I must begin by saying I have endometriosis. It was because of trying to fight and control the symptoms of endo, that I ended up having a pulmonary embolism. I was diagnosed with endometriosis at the end of 2011. But before that I was misdiagnosed with polycystic ovarian syndrome (PCOS) in 2009, and put on birth control. As each new birth control pill failed, I was subsequently put on others in the hope of easing the pain and symptoms I was experiencing.
Trying to Treat Endometriosis Pain with Birth Control Pills
After it was discovered that I had endometriosis and not PCOS, I was kept on birth control pills. I had to switch brands often because the pills would help my endometriosis pain for 3-5 months, but then the pain would come back. I had first noticed shortness of breath and what I presumed to be tiredness with one of the birth control pills: Microgynon. I eventually stopped using it as the other side effects were not pleasant. All along I was also dealing with a pinched nerve in my neck that I had gotten from over-working. It was a lot to deal with, being in and out of physiotherapy, trying to control nerve pain that just would not go away. I eventually had to leave my job in 2011, and in 2012 I had my first diagnostic laparoscopy, and laser ablation surgery for endometriosis.
Surgery for Disc Problems in my Neck, While Dealing with Medical Menopause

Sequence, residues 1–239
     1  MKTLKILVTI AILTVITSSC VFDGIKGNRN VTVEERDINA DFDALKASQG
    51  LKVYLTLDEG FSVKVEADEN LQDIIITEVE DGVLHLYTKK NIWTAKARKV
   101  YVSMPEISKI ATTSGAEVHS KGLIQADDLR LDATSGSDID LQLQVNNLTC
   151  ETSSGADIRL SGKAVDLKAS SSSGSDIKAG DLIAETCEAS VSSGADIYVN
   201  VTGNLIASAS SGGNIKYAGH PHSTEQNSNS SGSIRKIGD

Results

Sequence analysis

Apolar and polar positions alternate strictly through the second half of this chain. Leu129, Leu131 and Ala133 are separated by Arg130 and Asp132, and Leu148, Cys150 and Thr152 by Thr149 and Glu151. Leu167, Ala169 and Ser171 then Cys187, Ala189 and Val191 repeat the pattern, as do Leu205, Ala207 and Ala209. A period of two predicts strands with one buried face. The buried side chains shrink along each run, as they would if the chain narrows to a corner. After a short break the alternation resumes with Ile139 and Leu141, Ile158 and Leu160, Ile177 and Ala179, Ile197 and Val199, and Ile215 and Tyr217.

Fast forward to November 2014: I was still enduring the pains of endo, and neck pain, and now on Yaz, I opted to do another laparoscopy and laser ablation, as this was the only option available to me. I was then put on Lucrin injections (also known as Lupron) for the next 6 months. One month after doing the lap, I experienced what I consider to be the absolute worst pain of my life. I was hospitalized for about 3 weeks, with intense unbearable nerve pain in my neck. It was so intense that morphine was doing nothing to control the pain. After two MRIs it was discovered that I now had 3 bulging discs in my neck, and the only option was to have disc replacement surgery. And all the while I was experiencing the forced menopause the Lucrin injections had brought on. In March 2015 I had the disc replacement surgery done. Recovery was not as bad as I thought it would have been. Endo symptoms seemed to be under control, but this was short-lived.
Pulmonary Embolism After Depo-Provera and Yasmin
In September 2015, two weeks after having my first Depo-Provera shot, I first began to experience what I again thought was tiredness. After that, came the depression that is a known side-effect of the shot. So I stopped using Depo-Provera, and I started on Yasmin birth control pills on the advice of my gynecologist. I had started to notice shortness of breath on Depo-Provera, and this worsened once I started Yasmin. At first it only occurred while working out. However, it got progressively worse, to the point where I was sitting doing absolutely nothing, and felt tired and out of breath. But still, I would push through and do my workouts as I need to keep conditioned for my other health issues.